Review of reviews: Art
The Whitney clash: Do an artist’s rights have limits?
A new signpost has just been added to the history of contemporary art, said Roberta Smith in The New York Times. When New York’s Whitney Museum opened its prestigious Biennial on March 17, one painting hanging in the show ignited an “excruciating” debate that will forever change how the art community discusses cultural appropriation and censorship. “We all encounter art we don’t like, that upsets and infuriates us,” but Dana Schutz’s Open Casket actually inspired calls from other artists for its removal and even its destruction. A depiction of the body of Emmett Till, a 14-year-old black Chicagoan who famously was murdered and mutilated by two white men in 1955 Mississippi, the painting was not meant to provoke black viewers. It has, though, and the passionate discussion that ensued has been bracing and upsetting, but arguably beneficial. Open Casket will not be destroyed. Given its new significance, “it is also beyond destruction.”
Schutz should never have made the painting, said Josephine Livingstone and Lovia Gyarkye in TheNewRepublic.com. As artist and writer Hannah Black pointed out in an online petition signed by more than 30 of her peers, “it’s not acceptable for a white person to transmute black suffering into profit and fun.” To make matters worse, Schutz, a white woman, chose a victim who was killed because another white woman lied about his grabbing her. In 1955, Till’s mother chose to show the world what hatred had done by displaying her son in an open casket and welcoming in news photographers—“a strikingly effective piece of visual rhetoric” that galvanized the civil rights movement. By taking an expressive approach to re-creating that image, using angry brushstrokes to avoid fully confronting what brutal violence had done to Till’s face, Schutz has insulted Till and the brave act of his mother.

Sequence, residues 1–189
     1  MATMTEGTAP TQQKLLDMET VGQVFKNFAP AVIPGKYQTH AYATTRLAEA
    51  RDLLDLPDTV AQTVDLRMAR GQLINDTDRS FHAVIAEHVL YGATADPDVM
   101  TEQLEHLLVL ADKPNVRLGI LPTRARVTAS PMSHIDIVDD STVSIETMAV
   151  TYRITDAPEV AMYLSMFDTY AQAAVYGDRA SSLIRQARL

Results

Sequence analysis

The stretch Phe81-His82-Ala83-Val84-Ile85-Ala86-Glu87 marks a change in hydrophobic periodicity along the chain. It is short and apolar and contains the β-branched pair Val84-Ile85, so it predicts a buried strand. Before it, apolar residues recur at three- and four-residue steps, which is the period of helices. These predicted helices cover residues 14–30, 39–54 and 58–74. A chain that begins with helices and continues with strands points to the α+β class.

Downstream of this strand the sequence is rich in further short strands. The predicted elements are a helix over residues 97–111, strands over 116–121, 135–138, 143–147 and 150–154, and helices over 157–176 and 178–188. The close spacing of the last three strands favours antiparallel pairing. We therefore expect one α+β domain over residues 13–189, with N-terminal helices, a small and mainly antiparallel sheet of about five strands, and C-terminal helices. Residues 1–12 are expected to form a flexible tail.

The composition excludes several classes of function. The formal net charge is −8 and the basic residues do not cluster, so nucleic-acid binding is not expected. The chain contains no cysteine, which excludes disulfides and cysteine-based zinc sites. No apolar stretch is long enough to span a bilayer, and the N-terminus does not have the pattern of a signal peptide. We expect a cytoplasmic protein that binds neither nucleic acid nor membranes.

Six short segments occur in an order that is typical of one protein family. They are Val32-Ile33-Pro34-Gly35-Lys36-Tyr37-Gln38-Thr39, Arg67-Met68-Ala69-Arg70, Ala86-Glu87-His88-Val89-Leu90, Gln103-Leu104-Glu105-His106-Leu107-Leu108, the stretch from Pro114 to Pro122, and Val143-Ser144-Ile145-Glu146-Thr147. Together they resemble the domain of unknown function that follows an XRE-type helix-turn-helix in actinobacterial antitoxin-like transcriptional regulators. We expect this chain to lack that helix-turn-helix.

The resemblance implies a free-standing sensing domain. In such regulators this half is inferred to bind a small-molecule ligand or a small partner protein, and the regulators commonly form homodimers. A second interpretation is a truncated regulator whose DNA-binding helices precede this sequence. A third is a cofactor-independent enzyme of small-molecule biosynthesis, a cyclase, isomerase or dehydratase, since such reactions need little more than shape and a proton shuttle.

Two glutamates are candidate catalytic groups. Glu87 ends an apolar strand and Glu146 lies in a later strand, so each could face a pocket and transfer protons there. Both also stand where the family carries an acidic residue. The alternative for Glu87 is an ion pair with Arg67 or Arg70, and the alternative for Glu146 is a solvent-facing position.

Now many voices are having their say, as they should, said Felix Salmon in TinyLetter.com. Black’s open letter, which insisted that “white free speech” is not a natural right but “a right founded on the constraint of others,” is “exactly the kind of provocation at which the Biennial has always excelled.” Artist Parker Bright also made his mark, spending a full day obstructing visitors’ view of Open Casket while wearing a T-shirt that read “Black Death Spectacle.” In response, a contrite Schutz has vowed never to sell the painting, and the Whitney has defended its decision to display it—as one artist’s response to the history of U.S. race relations. A white artist’s use of a broken black body as material is hard to defend, said Antwaun Sargent in Artsy.net, but to censor the image would be worse. Calling for its destruction encourages “the very same processes of erasure that have long denied black artists a place in museums and suppressed black experience in society at large.” ■